Sermons

Summary: Exposition of Hebrews 10:1-10 regarding the incarnation and its purpose to provide a body for the atonement to take place in

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Text: Hebrews 10:1-10, Title: A Body for God? Date/Place: NRBC, 12/9/07, AM

A. Opening illustration: talk about the Mormon concept of God having a physical body that is bound to spatial and temporal realms, and about him being a man first, and becoming god later, and his physical relationship with our heavenly mother to produce spirit children…

B. Background to passage: The book of Hebrews was written to Jewish Christians that were wavering in their faith, considering going back to Judaism. The writer has spent much time and ink arguing for the superiority of Christ to angels, the law, the Jewish priests, and the sacrificial system. Our passage this morning is the culmination of the entire letter, where he speaks again of how God dealt with these insufficiencies by giving his Son a body and allowing him to be the substitute for us all.

C. Main thought: There was a time and reason that God fashioned a body for Himself.

A. The Shadow Didn’t Work (v. 1-4)

1. The writer speaks of the law as a shadow of things that would come. But he says that it could never cleanse the conscience of sin within the individual, nor could it perfect or complete the worshippers. Its design was to lead believers in God to a consciousness of sin in their lives, so that they might by faith grasp. As Paul said in Galatians, the law was simply a side road to faith to point erring people to a dependent trust in God. The design of the law was not to give a standard of righteousness so that you can be good enough to get to heaven. It was to bring despair in the seekers life. And therefore it couldn’t cleanse the conscience that was heightened to sin by the Spirit. And it offered no help for those trying to do better. It pointed to the help, and the cleansing, and the final sacrifice that would come. It pictured a sacrificial Lamb of God who would come to take away the sins of the world.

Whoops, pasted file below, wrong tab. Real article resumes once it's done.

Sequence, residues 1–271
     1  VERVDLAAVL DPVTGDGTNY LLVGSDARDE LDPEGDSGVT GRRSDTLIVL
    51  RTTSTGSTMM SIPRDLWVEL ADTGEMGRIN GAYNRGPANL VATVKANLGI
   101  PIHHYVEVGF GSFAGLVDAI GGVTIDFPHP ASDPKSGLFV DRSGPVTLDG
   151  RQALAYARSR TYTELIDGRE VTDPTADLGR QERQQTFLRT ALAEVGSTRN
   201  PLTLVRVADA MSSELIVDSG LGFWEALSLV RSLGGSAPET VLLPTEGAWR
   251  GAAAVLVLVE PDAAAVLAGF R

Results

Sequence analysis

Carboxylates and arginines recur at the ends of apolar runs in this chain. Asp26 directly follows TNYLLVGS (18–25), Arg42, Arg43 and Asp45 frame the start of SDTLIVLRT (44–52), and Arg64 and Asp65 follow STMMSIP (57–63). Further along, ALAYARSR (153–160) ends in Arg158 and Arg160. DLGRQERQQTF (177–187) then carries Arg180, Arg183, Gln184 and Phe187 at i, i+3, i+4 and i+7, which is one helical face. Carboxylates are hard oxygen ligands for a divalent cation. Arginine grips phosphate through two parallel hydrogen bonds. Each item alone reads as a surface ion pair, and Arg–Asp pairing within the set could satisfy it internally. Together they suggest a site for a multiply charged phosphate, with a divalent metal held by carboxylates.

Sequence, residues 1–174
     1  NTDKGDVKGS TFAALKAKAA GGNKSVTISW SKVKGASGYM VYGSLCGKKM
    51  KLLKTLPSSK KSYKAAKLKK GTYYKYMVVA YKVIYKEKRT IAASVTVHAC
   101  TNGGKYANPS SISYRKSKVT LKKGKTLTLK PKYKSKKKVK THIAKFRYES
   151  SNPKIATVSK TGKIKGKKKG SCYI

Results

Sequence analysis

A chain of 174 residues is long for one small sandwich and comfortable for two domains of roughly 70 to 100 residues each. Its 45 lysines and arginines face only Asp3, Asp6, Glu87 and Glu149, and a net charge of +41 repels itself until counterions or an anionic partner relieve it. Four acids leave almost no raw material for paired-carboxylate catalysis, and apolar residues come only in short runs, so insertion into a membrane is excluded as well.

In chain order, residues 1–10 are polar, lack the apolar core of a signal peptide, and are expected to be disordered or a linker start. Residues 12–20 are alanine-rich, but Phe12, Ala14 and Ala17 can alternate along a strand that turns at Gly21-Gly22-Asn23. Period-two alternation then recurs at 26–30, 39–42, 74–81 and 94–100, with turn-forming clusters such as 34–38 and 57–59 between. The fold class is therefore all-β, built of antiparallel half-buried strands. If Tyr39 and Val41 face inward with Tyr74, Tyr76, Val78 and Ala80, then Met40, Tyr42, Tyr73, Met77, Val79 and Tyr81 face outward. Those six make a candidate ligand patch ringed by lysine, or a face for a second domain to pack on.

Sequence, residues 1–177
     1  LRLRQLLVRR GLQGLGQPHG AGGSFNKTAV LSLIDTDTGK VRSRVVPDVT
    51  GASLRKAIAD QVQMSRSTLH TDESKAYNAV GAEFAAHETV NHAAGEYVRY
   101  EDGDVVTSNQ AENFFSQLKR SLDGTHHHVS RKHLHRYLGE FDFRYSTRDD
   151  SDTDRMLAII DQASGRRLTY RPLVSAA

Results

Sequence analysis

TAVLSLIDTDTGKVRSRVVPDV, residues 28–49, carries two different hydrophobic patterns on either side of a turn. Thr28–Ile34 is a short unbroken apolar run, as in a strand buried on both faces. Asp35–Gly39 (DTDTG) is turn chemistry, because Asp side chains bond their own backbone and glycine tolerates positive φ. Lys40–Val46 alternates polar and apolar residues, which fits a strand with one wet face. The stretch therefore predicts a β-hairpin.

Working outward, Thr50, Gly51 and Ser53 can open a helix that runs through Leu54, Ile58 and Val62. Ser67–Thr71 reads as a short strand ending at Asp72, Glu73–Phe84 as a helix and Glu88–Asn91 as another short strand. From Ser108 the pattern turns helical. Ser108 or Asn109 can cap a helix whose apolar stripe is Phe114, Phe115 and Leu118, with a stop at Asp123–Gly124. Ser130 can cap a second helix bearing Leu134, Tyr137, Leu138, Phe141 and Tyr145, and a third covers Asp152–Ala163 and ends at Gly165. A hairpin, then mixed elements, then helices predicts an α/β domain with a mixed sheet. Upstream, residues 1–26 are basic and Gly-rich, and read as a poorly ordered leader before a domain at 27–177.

2. Rom 5:20, Gal 3:19, 24, Luke 18:13-14

3. Illustration: like going to eat at one of those restaurants where they charge you for every refill but you don’t know that, and you just drink away with no care or thought of it, until you get the bill, have you seen one of those old cartoons where the shadow leaves its maker and begins to do its own thing, In his book, My Tortured Conscience, Martin Weber writes, “He was a deeply committed Christian evangelist. Even in retirement he won many converts throughout the conference. Everyone spoke well of the gentle man. One cold and gray morning he put his shotgun on his shoulder and told his wife he was going outside to shoot a rat. Then gave his wife a kiss on the cheek. Moments later she heard the shot. Only it wasn’t the rat he killed, it was himself. His funeral was one of the saddest you could find anywhere. The unspoken question on everyone’s mind was, “What caused such a godly man to kill himself? What caused him to pull the trigger?” Here was a man who had no problem opening the New Testament and proving the importance of keeping the law. But in his diary he wrote these words, “Here I’ve been telling everyone else to keep the law and I can’t even keep it myself. What hope do I have of heaven? Why go on?” An overwhelming sense of condemnation made him kill himself.


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